It’s the tenth most petroleum-rich nation, with the EIA estimating proved oil reserves to be somewhere between 16 and 22 billion barrels. Over 40% of Nigeria’s total oil exports are shipped to the US.
Natural gas reserves, meanwhile, currently stand at well over 187 trillion ft³.
GDP growth has averaged 7% per year since 2000, and should its petroleum sector continue to grow, so will its GDP.
Like Mexico, it too has an extremely valuable trade partnership with the US.
Headwinds: Political corruption, environmental sustainability in the Niger Delta, overdependence on US economy
ETF To Consider: Global X Nigeria Index ETF (NYSE: NGE)
Population: 73.7 million
2013 Nominal GDP: $821.8 billion
2013 Nominal GDP per capita: $10,744
2013 Human Development Index: 0.722 (ranked #90)
It’s strategically located at the crossroads of Europe, Asia, and the Middle East, and surrounded by waterways.
Unlike many other nations in the region, Turkey is democratic and secular. Also, nearly half of its population is under 25.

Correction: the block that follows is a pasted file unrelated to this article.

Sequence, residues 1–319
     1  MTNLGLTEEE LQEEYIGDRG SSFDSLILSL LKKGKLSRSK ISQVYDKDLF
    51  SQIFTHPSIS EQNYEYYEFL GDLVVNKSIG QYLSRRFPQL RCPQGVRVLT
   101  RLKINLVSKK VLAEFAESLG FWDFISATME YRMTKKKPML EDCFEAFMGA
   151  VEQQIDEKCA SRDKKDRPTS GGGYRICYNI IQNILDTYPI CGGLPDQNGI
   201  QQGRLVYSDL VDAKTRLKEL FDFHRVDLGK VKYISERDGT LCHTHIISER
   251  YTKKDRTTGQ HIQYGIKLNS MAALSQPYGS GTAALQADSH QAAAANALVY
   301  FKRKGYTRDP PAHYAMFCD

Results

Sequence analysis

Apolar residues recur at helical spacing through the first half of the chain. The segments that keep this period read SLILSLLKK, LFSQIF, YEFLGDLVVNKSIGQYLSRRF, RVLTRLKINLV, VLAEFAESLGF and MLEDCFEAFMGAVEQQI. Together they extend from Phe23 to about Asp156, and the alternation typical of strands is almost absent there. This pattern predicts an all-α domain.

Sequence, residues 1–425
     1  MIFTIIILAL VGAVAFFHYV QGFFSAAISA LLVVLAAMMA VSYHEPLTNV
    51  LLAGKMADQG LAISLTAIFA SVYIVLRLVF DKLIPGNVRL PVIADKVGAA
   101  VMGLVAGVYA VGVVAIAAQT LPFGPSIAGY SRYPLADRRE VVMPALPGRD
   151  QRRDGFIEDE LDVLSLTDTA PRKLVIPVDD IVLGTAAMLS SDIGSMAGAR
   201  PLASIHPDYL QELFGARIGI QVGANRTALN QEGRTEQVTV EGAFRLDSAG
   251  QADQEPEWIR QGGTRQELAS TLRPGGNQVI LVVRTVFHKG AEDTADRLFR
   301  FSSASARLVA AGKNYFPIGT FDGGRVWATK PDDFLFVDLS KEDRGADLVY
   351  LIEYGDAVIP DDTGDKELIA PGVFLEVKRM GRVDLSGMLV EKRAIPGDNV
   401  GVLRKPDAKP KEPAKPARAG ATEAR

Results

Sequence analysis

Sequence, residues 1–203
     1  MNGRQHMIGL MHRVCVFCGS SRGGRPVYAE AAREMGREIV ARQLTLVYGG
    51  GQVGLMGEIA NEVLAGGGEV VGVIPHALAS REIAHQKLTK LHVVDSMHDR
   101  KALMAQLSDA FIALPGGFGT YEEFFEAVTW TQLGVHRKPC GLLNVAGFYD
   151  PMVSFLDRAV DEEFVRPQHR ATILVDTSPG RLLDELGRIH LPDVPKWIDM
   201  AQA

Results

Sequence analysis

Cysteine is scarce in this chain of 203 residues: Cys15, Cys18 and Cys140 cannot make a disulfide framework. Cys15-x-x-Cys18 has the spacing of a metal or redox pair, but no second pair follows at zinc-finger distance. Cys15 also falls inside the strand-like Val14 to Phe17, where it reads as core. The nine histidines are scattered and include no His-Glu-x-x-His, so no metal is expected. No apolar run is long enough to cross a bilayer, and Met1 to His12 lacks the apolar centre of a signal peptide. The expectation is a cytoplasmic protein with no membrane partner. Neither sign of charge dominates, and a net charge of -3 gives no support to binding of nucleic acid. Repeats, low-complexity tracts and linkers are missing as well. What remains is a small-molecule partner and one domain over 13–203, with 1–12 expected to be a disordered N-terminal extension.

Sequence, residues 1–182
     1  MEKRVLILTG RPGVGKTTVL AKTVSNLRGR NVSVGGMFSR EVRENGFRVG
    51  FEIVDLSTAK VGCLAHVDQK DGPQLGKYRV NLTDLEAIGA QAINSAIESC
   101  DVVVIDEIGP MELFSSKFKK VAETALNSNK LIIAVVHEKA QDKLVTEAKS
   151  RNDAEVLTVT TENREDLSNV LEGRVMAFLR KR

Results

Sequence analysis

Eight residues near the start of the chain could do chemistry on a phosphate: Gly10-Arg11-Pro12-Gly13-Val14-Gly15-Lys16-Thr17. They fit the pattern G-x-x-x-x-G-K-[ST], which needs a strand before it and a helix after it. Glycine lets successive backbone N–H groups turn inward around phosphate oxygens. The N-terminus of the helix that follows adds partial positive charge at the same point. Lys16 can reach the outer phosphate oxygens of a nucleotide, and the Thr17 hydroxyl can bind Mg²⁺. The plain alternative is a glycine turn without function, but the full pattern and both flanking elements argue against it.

During the first half of the 2000’s, Turkey was one of the fastest growing economies in the world, where GDP growth averaged 6.8% each year between 2002 and 2007.
Turkey has gradually opened up its markets through economic reforms by reducing government controls on foreign trade and investment and privatizing publicly owned industries.
Headwinds: recent political instability, high inflation, slowing economic growth, credit rating woes
ETF To Consider: iShares MSCI Turkey ETF (NYSE: TUR)
Whereas China is arguably the only one of the BRIC nations that has sustained any consistent long-term economic growth, Indonesia appears to have the best chance out of the MINTs to follow in China’s footsteps.
That said, developing countries are never a sure-bet, so proper research and a longer-term horizon are highly recommended before investing. But mark my words, there’s going to be a whole lot more MINT references in the months and years ahead.